In embodiments, the developer density may have a significant effect on the image quality of an image reproduced onto a recording medium such as paper. The image quality may be measured by mottle. Mottle is a measure of how much lightness changes within the print of the reproduced image. By way of an example, in order to test the image quality of an image reproduced onto paper with the use of the high-gloss developer of the present disclosure, toners were print tested in a Xerox WorkCenter Pro C3545 and ran for 45,000 prints. The results showed that toners generally have acceptable mottle, which corresponds to excellent image quality and aforementioned high-gloss when the developer density is greater than 1.6 g/cm3, for example from about 1.6 g/cm3 to about 1.75 g/cm3 or from about 1.7 g/cm3 to about 1.8 g/cm3. Images only show unacceptable mottle when the amount of replenisher in the replenish bottle was low and the developer density is smaller than 1.6 g/cm3, for example 1.585 g/cm3. Mottle is known to result when a low mass of developer is present in the magnetic brush such as a semi-conductive magnetic brush. Thus, the low developer density combined with the low replenisher condition may result in unacceptable mottle of the image copies. The analysis of the print results leads to the conclusion that, for robust image quality throughout the life of the replenisher bottle, it is required for the developer to have a developer density of greater than 1.6 g/cm3 to ensure that sufficient mass of developer is present in the magnetic brush to provide acceptable mottle under varying printing conditions and over a long period of time.

Yet another property associated with the high-gloss developers of the present disclosure is the toner concentration sensor failure. If the sensor fails to detect toner concentration (TC) accurately, then poor TC control and significant TC fluctuations will result (excessive clouding is also more likely to occur at higher TC). TC sensor failure occurs when developers build up in the region around the TC sensor. TO evaluate toner concentration sensor failure, an Imari MF DC2240 printer may be used with a Kutani DC3545 developer housing. The failure is most likely to occur under humid conditions, so the test is done at 28° C. and 85% relative humidity. The toner area coverage on the print was 5% for each color and a total of 10,000 prints were run. During the print test, the TC increased from 6% to 12% using software control for the TC sensor. Actual TC was measured directly by sampling developer from the sump of the housing. The TC sensor failure was recorded as the TC at which TC control was lost. All the developers evaluated passed the minimum requirement of 9.5% TC before recording TC sensor failure, and thus are acceptable.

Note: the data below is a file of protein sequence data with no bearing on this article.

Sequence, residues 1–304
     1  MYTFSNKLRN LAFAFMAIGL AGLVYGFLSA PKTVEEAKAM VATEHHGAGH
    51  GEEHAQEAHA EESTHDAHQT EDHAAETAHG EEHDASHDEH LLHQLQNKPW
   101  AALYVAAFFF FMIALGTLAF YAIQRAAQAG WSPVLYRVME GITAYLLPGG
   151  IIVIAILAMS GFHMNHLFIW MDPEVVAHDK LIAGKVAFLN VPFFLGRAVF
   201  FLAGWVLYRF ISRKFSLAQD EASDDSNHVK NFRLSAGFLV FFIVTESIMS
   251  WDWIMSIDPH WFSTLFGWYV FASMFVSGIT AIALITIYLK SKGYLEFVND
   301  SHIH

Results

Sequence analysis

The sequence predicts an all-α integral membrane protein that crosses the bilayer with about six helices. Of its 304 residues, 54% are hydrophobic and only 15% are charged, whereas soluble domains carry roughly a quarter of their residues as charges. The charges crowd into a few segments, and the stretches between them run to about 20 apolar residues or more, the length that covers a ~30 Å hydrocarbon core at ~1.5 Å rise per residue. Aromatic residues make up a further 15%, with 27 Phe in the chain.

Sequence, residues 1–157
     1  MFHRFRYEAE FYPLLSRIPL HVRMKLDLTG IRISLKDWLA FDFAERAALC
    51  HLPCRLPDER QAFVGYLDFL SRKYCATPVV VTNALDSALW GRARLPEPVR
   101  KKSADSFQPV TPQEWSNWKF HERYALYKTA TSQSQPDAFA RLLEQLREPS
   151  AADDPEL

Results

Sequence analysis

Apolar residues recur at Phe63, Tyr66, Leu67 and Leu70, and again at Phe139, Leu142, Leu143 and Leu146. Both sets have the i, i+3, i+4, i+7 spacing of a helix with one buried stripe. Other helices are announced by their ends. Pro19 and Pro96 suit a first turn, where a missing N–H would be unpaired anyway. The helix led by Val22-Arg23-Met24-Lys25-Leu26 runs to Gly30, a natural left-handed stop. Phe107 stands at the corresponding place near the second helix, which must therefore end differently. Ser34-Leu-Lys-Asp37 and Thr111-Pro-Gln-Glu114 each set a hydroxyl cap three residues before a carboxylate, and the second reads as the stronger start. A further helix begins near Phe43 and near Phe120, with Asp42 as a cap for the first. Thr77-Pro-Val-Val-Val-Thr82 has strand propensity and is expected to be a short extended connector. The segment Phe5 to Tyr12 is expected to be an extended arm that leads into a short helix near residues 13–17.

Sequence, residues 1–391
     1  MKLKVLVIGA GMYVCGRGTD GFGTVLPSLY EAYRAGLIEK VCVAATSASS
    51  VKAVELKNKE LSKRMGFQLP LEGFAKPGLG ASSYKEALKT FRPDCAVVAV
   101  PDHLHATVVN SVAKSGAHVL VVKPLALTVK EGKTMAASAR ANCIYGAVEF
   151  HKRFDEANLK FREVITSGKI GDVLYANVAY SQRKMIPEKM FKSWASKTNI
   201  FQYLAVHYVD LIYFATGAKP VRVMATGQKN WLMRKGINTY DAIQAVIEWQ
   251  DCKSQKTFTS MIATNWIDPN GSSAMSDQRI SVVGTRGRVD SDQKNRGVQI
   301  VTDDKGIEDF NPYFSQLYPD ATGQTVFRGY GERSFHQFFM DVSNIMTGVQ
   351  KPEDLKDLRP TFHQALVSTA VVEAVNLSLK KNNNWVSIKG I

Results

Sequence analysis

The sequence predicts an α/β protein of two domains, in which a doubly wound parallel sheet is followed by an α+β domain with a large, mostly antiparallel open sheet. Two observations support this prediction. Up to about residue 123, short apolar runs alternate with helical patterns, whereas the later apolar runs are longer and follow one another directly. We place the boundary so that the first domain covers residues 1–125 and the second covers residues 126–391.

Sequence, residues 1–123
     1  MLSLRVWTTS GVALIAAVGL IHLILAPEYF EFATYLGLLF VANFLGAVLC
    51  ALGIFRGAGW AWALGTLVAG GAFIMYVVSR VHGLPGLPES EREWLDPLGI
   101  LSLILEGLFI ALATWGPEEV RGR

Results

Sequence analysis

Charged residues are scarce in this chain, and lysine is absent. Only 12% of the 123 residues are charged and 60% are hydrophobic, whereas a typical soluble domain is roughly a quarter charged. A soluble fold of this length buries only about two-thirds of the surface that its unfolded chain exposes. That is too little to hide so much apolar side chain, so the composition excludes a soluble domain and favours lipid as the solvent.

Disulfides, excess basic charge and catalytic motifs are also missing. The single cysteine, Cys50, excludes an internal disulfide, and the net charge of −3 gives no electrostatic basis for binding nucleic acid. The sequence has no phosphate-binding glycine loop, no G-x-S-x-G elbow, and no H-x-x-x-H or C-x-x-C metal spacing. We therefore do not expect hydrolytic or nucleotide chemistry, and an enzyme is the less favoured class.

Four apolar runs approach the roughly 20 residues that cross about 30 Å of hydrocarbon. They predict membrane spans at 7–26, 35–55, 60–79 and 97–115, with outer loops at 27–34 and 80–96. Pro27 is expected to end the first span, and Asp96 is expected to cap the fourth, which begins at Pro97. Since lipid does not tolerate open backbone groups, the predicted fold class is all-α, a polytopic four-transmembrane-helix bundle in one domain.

Still another property associated with the high-gloss developers of the present disclosure is the toner clouding failure. Emission of toner aerosol from the developer housing during printing is a condition known as toner clouding. Such condition causes toner to build up inside various parts of the machine, which can contaminate key components causing image quality defects, or causing background on the photoreceptor or on the prints. Thus, it is desirable to keep the emission of toner to a sufficiently low level to prevent image degradation. To evaluate this problem. toner was run in an Imari MF DC2240 printer. TC was first decreased and measured to calibrate the TC sensor. The housing was then removed and run off-line at 350 rpm. TC was then increased by manually adding toner to the developer housing through the dispenser port at a rate of 2 g/min and the amount of toner clouding was measured with a Dust Trak Aerosol Monitor Model 8520 manufactured by TSI Incorporated and plotted with TC. TC at which an emitted aerosol reading of 1 mg/m3 was measured was taken as the failure point. In order to keep the emission of toner to a sufficient low level to prevent image degradation, it is important to have a TC of at least 9.5% without exceeding the level of 1 mg/mm3 of emitted toner, for example about 9.5% to about 20% TC or about 10% to about 12% TC. The result of the toner clouding measurement data shows that all developers evaluated passed the minimum requirement of 9.5% TC before recording toner clouding failure (when the emitted aerosol reading exceeds 1 mg/m3), and thus have acceptable toner emission levels.